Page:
A great example of Superman’s deeply ingrained decency comes during Batman: Hush. Superman is being mind-controlled by Poison Ivy in an attempt to kill Batman, so Bats must find a way to get through to Clark. In order to break Superman’s mental barrier, Batman has Catwoman drop Lois Lane off a building to trigger Superman’s primal instinct to protect innocent life. As Lois is falling from the building, Batman even says to himself, “Come on Clark. Be the Boy Scout.” Not only Batman, but everyone in the Justice League depends on Superman’s insurmountable morality to lead them through the darkness that lives within the DC universe. Even though Superman has to be confronted with these tough decisions, he always does what is right.
8 Superman Has Taken On The KKK
After The Second World War had ended, the Klu Klux Klan was undergoing a revival. They grew more and more violent and audacious with their actions. This did not sit well with activist Stetson Kennedy and he resolved to fight against them. He decided to join the Klan in order to learn all of their secrets and operations. Once the information was gathered, he learned that the police were not willing to help him in bringing down the Klan.
Looking for some way to hit the Klan hard by exposing them, he turned to the makers of the Superman radio show. He hoped that they would be willing to adapt a story in which Superman would battle against the Klan while simultaneously exposing all of their real-world lingo and secrets. The makers of the radio show thought it was a great idea and thus created a 16-part story line aptly titled, “Clan of the Fiery Cross.” The story was effective in demythologizing the KKK and harming their recruitment efforts.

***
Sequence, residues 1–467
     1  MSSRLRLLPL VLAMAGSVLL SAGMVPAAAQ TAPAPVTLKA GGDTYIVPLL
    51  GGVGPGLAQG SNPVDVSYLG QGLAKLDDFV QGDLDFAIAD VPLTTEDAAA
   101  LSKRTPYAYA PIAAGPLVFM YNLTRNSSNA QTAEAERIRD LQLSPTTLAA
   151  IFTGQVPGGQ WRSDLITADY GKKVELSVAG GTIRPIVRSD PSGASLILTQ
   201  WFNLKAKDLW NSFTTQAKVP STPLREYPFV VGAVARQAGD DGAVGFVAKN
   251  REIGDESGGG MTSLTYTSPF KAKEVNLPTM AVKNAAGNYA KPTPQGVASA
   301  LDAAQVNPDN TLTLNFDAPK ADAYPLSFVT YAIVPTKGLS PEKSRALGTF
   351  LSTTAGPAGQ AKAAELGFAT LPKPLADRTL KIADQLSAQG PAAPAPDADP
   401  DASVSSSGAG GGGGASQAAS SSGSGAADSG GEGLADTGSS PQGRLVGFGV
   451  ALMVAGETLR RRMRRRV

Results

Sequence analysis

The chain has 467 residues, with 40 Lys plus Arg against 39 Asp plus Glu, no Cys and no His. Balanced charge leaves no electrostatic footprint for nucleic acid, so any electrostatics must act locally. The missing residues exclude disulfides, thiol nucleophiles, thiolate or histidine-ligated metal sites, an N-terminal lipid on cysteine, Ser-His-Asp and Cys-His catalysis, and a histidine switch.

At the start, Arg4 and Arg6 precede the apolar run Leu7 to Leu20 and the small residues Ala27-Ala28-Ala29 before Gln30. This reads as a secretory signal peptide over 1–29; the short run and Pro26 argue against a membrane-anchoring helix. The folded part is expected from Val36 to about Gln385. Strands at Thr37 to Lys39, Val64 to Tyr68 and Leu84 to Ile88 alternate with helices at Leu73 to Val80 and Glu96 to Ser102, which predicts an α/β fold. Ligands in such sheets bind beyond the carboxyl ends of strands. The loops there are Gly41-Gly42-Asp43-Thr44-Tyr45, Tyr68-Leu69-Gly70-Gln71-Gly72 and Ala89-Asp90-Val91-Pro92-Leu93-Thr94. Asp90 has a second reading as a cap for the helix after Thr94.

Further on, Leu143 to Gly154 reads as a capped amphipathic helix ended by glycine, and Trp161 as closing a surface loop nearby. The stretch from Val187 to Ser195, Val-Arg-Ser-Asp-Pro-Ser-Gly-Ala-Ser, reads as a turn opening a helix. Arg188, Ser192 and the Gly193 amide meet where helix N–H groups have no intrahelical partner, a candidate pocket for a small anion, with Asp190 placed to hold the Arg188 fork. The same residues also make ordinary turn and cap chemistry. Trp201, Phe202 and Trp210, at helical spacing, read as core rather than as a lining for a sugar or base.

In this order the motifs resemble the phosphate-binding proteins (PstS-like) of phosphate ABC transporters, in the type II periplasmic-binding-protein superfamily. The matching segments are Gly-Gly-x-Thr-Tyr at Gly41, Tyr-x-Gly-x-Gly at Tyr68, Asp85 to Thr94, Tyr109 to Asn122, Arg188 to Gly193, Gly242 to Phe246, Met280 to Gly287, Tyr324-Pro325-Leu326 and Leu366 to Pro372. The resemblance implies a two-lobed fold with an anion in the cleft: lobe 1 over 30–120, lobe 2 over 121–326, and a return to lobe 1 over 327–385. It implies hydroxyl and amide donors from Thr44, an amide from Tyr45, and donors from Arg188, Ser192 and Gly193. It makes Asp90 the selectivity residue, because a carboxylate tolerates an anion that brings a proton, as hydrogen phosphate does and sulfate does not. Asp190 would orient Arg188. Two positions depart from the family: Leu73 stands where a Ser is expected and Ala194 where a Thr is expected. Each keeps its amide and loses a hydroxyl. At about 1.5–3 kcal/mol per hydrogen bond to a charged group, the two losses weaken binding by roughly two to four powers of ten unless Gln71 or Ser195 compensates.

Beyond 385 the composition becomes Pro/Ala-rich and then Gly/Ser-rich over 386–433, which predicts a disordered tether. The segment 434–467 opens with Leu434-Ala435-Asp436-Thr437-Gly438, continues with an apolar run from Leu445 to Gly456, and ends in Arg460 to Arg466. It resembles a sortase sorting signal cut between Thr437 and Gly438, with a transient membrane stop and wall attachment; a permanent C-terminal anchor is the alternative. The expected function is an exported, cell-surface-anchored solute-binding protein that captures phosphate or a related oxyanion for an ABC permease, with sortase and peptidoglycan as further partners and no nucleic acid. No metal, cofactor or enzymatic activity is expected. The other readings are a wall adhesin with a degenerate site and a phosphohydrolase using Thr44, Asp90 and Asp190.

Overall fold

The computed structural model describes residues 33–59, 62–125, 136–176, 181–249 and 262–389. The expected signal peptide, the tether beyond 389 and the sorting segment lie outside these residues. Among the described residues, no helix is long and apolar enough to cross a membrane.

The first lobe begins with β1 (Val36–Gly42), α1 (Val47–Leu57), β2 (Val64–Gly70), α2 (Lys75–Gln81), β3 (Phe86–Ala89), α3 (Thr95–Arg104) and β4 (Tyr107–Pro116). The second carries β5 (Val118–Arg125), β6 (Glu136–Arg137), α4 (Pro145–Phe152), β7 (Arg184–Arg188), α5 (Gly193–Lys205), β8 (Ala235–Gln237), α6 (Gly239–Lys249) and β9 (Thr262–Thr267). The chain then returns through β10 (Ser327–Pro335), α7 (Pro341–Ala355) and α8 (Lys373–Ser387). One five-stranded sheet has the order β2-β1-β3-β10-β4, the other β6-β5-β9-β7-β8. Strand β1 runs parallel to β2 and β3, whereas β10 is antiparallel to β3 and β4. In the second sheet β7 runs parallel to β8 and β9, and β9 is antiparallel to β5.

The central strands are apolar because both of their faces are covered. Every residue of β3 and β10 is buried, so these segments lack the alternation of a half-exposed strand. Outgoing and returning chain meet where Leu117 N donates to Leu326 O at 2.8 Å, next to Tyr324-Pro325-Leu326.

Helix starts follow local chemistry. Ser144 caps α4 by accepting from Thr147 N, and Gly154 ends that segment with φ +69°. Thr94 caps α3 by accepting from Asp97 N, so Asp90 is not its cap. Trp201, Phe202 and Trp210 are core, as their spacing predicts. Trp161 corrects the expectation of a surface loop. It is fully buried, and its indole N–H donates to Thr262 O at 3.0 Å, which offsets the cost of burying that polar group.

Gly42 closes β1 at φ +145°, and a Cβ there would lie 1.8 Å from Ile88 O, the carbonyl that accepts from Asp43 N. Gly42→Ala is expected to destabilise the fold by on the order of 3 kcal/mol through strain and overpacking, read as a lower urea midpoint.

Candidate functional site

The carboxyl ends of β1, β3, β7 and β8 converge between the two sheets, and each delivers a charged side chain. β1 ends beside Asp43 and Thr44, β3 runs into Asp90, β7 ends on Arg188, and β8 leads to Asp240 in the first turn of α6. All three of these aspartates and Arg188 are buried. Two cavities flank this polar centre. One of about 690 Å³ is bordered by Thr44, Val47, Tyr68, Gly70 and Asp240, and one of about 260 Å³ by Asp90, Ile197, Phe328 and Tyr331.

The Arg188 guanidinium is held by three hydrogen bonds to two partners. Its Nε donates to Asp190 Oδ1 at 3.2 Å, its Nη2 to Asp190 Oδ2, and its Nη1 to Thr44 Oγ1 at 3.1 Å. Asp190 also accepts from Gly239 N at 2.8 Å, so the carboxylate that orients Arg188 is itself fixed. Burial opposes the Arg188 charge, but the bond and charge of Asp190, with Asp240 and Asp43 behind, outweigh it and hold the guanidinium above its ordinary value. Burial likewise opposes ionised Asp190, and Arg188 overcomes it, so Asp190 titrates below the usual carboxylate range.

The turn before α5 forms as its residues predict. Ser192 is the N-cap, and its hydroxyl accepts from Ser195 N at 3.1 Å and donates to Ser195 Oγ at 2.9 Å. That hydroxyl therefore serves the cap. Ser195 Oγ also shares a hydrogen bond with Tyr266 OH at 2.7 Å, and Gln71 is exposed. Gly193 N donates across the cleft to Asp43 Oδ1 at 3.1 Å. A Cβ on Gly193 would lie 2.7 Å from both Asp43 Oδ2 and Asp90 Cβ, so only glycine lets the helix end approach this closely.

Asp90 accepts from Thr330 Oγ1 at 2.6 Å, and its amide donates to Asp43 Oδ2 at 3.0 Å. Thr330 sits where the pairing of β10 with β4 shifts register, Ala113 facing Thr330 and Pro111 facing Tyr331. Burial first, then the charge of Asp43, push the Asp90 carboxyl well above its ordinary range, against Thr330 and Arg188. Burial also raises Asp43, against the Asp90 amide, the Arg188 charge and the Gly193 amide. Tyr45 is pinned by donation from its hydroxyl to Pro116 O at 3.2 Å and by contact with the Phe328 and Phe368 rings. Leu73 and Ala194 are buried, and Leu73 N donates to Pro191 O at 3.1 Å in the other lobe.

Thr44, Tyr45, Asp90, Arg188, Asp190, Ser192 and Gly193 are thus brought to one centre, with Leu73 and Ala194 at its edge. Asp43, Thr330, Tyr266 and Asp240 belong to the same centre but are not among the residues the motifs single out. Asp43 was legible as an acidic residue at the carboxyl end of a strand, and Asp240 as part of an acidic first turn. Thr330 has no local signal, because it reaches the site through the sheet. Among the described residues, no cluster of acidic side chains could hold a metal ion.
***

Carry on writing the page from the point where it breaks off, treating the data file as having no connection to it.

7 The City Of Metropolis Is Styled After Fritz Lang’s Metropolis
Superman may have grown up in Smallville, Kansas as a little farmer boy, but as his superhero persona grew, so did his aspirations. Clark would later learn to call Metropolis, the city of tomorrow, his home. This futuristic and vibrant city has been a staple in Superman’s history and served as one of the greatest backdrops in comic history. Many know that Metropolis is structured a lot like New York City. In fact, legendary comic writer, Frank Miller, has been quoted as saying, “Metropolis is New York by daytime; Gotham is New York at night.”